« L’agroécologie peut nous sauver » (Agroecology can save us)  retraces the interviews conducted by Olivier Le Naire, journalist, essayist and great reporter, with Marc Dufumier. The latter is a French agronomist and teacher-researcher. In particular, he held the Chair of comparative agriculture and agricultural development at AgroParisTech from 2002 until his retirement in 2011.
Described by Olivier Le Naire as a “pragmatic and concrete man in the field, a free and committed adventurer” (p.12), M. Dufumier lingers throughout these interviews to pass on the knowledge and experience he acquired during his many trips and encounters with the world’s farmers.
Graduated from the National Agronomic Institute (now AgroParisTech) during the era of the Green Revolution, the all-chemicals and what he calls the “sacrosanct progress” (p.47) of the 1960s, Marc Dufumier went on to discover the farming practices of different continents during his years of international cooperation and following his studies. Impressed by the inadequacy of his advice as an agronomist with the diversity of local problems, he has since been deeply convinced that a return to more natural, fair and meaningful practices is the key to many of our ills. In short, he aspires to a sharp turn towards what he defines as “agroecology”.
He defines this movement and set of practices as an optimization and “intensive use” (p.35) of the resources that nature offers us.
The fundamentals seem simple: making the best use of the sun’s energy that produces plant photosynthesis ; establishing diversified plant cover to avoid water waste and soil erosion ; combining crops and trees to draw essential mineral elements from deep within ; preserving and maintaining the biodiversity of landscape elements and soils by avoiding ploughing and providing organic matter…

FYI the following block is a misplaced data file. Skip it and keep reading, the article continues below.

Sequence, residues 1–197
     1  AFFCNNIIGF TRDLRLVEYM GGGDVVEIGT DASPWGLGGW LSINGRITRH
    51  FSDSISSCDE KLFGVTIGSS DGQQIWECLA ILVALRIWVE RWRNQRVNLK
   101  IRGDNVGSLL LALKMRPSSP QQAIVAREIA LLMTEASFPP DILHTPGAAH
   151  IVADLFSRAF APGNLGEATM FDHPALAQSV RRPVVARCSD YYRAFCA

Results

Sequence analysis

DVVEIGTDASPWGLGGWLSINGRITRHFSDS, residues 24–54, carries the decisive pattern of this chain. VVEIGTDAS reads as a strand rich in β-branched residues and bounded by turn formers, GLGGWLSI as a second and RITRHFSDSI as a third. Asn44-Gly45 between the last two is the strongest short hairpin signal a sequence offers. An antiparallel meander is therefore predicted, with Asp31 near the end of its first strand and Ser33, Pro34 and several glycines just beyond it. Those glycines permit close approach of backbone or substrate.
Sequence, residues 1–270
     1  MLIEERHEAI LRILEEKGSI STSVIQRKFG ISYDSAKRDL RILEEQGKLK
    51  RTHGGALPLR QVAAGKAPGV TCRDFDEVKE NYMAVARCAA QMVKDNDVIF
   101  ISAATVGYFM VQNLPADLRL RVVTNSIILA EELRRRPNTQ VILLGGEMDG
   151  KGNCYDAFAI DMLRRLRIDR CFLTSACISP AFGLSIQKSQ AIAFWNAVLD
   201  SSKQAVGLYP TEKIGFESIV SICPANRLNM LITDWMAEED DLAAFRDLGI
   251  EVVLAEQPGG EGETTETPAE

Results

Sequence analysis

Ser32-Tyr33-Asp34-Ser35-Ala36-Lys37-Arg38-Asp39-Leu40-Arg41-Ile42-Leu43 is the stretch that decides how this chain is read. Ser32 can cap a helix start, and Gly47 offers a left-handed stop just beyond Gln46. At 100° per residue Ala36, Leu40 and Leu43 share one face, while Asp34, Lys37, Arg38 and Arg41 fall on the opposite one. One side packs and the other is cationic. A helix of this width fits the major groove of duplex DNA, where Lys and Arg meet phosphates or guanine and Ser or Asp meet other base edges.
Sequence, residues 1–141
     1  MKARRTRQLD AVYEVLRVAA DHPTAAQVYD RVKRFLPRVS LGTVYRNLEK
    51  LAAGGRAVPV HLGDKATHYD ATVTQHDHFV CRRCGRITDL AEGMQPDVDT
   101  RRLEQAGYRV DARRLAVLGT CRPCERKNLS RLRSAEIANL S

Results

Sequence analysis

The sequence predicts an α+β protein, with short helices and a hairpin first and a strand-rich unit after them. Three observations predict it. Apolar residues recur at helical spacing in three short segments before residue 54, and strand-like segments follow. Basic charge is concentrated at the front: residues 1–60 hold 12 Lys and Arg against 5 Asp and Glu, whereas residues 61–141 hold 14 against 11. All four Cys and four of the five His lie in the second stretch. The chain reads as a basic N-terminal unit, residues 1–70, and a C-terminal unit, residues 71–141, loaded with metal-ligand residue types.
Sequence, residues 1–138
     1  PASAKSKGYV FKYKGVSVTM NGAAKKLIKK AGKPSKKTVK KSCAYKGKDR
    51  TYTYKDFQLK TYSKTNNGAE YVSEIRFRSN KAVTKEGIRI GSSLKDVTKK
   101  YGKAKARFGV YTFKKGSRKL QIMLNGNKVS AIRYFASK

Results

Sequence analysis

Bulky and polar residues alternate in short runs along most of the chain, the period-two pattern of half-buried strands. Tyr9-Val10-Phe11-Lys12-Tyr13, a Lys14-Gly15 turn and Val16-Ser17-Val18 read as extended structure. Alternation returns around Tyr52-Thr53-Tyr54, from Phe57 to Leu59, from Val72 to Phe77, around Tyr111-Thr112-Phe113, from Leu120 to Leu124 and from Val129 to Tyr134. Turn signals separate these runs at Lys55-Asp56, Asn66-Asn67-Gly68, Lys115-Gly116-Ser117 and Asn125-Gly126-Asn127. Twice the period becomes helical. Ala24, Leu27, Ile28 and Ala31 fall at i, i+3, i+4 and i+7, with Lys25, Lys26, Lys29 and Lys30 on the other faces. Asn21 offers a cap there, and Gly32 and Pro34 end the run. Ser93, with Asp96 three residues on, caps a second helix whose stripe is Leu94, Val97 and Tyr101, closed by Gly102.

The ecological crisis and the drastic drop in biodiversity requires us to reduce considerably our use of synthetic inputs. The set of products in “cides” which, it is worth recalling throughout the book, simply means “to kill”, grouped in the large family of pesticides have become essential to our industrial agriculture and need to be replaced by the reintroduction of natural predators and relevant crop associations.
To make a long story short, Marc Dufumier calls for a return to the roots of agriculture, a return to the natural rather than the chemical to “stop killing the soil, stop killing earthworms, stop killing bees, stop killing the landscape, stop killing the planet, stop killing people, stop killing jobs.” (p.42)
This observation, drawn up in the course of answers to Olivier Le Naire’s questions, is associated to concrete examples and historical facts. Marc Dufumier thus returns to the evolution of the agricultural communities, land issues, the contemporary malaise and misunderstanding between rural and urban areas, and the political orientations, particularly of the Common Agricultural Policy, which have considerably influenced production choices.
Always taken under the prism of agricultural production, Marc Dufumier, in a discourse that may seem particularly optimistic, is convinced that agroecology offers solutions. Under the influence of civil society, he believes that it requires us to influence our elected representatives and to develop a real citizen’s advocacy in the face of industrial lobbying in order to “launch an agroecological revolution” (p.57) ; “feed the world” (p.79), agroecology being capable, according to him, of providing healthy food for 10 billion people ; “preserving our health and our environment” (p.93) ; “fighting against North-South inequalities and solving migration problems” (p.101) and “reconciling cities and countryside” (p.114).
Concluding with the presentation of ten measures to be implemented as a priority, this book, published not without hazard in the “Domaine Du Possible” collection (which mean “realm of possibility”), draws up, through M. Dufumier’s feedback, the observation of an agriculture that has become highly globalized and proposes, through a questionable approach, another model of production and society.
Richard Koenig, Research fellow « Crop insurance as a mitigation and adaptation tool in a climate change context »
, Marc Dufumier & Olivier Le Naire, L’agroécologie peut nous sauver, (2019), Actes Sud, Domaine Du Possible, 18,50 € TTC, 160 pages.